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Anarchists embrace the notion of appropriate (or intermediate) technology, that is, utilizing organizational and technological means that are ecologically, politically, socially, and economically appropriate, rather than the private cost minimizing, profit-maximizing (and usually capital-intensive) method of production. So a labor-intensive method may be used even when a more capital-intensive method is available, or methods that are ecologically harmful or dangerous to human health will be abandoned. Longer time horizons will also be employed in planning, so that pesticides and fertilizers that are now used to maximize short-run profits will be replaced by organic and other greener methods that maintain the long-term fertility of the soil and water, as well as human health.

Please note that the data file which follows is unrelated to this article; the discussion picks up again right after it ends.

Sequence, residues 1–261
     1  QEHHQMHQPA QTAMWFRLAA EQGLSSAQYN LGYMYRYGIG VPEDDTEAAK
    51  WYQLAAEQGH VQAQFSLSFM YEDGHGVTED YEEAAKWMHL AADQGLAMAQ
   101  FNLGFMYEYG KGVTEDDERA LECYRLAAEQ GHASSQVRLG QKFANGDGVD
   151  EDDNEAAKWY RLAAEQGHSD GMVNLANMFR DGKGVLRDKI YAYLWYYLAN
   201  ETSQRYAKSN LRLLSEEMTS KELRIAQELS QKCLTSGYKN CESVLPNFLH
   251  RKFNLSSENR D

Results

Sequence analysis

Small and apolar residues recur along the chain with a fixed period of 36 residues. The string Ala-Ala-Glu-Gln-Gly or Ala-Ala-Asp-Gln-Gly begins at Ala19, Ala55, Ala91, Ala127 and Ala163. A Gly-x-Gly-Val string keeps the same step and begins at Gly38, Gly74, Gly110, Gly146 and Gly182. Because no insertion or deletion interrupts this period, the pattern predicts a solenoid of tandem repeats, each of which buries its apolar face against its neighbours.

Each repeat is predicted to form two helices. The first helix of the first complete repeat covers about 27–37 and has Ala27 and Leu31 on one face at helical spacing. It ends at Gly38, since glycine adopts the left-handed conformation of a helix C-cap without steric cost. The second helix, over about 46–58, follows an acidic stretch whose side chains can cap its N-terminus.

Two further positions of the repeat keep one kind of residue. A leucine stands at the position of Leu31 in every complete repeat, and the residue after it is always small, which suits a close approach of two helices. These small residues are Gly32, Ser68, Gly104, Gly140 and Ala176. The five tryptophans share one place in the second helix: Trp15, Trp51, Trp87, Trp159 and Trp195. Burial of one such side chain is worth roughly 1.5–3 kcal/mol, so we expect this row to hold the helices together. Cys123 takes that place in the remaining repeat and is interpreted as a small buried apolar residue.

Europeans who upon arriving in West Africa observed farmers using the simple hoe scoffed at them as “primitive” and “backward,” but we now know that the very delicate, thin topsoil characteristic of West Africa rapidly deteriorated after introduction of the plough, and the hoe was in fact more “appropriate” a technology. The same for shifting cultivation – colonial plantation owners thought it “inefficient” to leave land untilled and ceased the practice, to the detriment of longterm sustainability and therefore long-run productivity."
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